Friday, March 02, 2012

 

Ink-Slinger Profiles: Bud Counihan



Daniel Francis "Bud" Counihan was born in Connecticut, January 10, 1887, according to his World War I draft card at Ancestry.com. In the 1900 U.S. Federal Census, he was the second of nine children born to Daniel and Anastasia. They lived in Norwich, Connecticut at 51 Oakridge Street. His father was an iron moulder.


Counihan was recorded as a newspaper cartoonist in the 1910 census. He was part of his father's household in Norwich at 55 Oakridge Street. In 1913 his strip Hinky Dee was published in the Trenton Evening Times from May 12 to October 13 (Allan pipes up: it is unclear who syndicated this strip, but it was syndicated; I have a run in the Pittsburgh Post for instance; at one time my guess was the Chicago Record-Herald or the Philadelphia Record, but I never found it in those papers). The Bridgeport Post (Connecticut) published, on January 6, 1972, the Associated Press obituary which said, "…Counihan began his career in Norwich, Conn., as a sports cartoonist and came to Providence round the turn of the century. He later worked at the Washington, D.C., Star and joined the staff of the New York World in 1915 [sic; 1914--Allan]. He remained with the New York World until that paper ceased publication about 1935 [sic; he left in 1928--Allan]. Over 400 of his New York Evening World comic strips and sports cartoons (1915–1922) can be viewed at Chronicling America.

He signed his World War I draft card on June 5, 1917. He lived in Brooklyn, at 580 22nd Street, with his wife and two children. His occupation was newspaper cartoonist for the New York World. His description was tall, slender, with blue eyes and brown hair.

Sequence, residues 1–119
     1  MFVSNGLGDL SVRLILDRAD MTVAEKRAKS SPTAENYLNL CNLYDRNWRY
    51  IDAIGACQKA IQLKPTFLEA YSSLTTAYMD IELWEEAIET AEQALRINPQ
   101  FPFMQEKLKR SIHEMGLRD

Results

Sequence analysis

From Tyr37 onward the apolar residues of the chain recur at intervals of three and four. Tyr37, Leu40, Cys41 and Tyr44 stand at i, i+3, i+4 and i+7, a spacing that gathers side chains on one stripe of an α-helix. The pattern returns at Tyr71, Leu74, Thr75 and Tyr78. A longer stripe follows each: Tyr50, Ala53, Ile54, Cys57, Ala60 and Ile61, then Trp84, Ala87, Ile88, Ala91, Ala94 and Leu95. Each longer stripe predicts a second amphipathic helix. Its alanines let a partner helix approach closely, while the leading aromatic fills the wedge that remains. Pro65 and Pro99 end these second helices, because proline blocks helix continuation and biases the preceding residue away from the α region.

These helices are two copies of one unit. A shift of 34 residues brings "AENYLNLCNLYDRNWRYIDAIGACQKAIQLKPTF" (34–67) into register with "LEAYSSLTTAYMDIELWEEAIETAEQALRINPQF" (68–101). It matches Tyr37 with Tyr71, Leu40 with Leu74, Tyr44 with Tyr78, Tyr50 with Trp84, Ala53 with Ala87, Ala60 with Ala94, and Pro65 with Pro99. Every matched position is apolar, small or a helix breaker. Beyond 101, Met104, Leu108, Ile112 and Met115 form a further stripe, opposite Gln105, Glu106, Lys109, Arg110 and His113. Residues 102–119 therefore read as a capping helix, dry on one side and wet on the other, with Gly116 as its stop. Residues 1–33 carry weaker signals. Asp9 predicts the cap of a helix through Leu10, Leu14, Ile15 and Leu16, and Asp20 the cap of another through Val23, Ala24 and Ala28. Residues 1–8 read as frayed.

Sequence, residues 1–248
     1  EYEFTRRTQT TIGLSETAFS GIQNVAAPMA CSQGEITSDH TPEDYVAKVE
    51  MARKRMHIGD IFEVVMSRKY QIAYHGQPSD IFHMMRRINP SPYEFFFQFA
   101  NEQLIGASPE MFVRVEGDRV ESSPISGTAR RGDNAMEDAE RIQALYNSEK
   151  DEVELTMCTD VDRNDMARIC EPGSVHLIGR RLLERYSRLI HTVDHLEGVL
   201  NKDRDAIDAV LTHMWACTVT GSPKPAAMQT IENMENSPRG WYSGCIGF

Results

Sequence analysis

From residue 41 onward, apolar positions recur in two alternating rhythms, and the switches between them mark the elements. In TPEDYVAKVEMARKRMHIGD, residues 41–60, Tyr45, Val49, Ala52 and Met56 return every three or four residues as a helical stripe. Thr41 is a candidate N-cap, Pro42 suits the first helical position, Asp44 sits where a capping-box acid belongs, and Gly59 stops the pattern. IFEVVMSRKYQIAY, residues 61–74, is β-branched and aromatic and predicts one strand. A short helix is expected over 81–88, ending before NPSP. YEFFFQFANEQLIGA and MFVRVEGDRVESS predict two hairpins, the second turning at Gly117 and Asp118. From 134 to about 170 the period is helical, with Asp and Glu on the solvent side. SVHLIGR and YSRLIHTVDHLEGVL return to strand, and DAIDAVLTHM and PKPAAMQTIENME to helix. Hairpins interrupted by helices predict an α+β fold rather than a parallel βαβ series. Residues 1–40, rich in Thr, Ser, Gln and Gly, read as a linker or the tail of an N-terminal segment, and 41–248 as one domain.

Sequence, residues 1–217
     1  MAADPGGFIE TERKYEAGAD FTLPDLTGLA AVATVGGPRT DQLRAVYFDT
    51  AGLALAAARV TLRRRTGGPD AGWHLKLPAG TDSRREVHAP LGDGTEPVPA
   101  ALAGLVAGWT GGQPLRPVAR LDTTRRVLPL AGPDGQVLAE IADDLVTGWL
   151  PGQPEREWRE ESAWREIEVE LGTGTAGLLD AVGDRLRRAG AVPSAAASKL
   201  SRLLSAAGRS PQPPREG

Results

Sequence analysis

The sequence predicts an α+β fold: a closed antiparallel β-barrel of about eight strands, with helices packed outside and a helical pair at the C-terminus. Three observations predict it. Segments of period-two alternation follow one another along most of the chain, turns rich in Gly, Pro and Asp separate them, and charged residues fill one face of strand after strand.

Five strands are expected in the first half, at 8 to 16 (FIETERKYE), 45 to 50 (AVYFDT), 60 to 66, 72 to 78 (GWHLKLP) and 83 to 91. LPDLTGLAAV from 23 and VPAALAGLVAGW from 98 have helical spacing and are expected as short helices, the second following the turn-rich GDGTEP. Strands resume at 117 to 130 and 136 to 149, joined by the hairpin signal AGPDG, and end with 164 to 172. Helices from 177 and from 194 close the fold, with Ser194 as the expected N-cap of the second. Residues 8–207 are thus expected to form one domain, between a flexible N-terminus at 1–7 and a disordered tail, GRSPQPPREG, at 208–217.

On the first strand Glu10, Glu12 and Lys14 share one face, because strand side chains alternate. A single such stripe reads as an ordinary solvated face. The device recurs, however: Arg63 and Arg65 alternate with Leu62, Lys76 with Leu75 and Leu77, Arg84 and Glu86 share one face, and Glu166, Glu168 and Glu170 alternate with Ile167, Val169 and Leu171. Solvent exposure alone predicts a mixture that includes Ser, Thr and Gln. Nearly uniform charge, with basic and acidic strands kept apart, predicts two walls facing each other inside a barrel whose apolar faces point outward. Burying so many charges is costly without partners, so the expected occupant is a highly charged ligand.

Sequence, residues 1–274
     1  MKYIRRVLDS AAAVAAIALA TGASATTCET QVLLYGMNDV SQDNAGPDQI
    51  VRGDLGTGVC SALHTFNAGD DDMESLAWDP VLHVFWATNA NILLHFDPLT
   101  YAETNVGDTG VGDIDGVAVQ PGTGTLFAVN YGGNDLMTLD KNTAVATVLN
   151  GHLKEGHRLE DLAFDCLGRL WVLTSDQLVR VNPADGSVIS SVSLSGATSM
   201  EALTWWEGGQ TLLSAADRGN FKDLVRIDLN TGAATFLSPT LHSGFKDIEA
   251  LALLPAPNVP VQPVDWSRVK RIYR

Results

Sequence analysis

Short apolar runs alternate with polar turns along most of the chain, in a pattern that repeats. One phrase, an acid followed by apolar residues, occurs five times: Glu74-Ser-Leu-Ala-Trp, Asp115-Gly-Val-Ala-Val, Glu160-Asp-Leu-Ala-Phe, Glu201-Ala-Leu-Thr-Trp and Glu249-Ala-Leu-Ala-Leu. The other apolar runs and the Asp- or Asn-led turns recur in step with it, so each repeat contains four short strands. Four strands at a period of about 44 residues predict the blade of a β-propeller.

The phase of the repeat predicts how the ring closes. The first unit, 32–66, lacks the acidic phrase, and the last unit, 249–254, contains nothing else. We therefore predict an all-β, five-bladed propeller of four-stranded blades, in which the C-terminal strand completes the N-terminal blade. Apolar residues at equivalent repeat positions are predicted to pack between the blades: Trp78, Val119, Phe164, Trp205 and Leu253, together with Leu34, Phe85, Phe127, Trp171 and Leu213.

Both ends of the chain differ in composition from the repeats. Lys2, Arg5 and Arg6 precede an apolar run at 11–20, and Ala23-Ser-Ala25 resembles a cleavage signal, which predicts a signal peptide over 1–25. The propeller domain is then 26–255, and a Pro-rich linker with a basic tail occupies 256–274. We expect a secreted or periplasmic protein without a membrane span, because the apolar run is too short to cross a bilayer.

Counihan has not been found in the 1920 census. A 1922 photo of him with other cartoonists is here. His strip Little Napoleon began in 1923. It was followed by Pinhead Dooley in 1928.



Trenton Evening Times, 5/12/1913


At Ancestry.com his name was transcribed as "Durell F Counchan" in the 1930 census. He lived in Brooklyn at 1860 East 19th Street. His wife, Margaret, and two daughters, Anita and Francine, were all born in Washington, D.C. The success of the early 1930s Betty Boop animated cartoons, was followed, in 1934, by the King Features comic strip by Counihan and Hal Seeger, according to Wikipedia. During this time, Counihan's oldest daughter, Anita, a model and actress, may have been better known than her father. Counihan passed away January 5, 1972, in Wakefield, Rhode Island, according to the Social Security Death Index.

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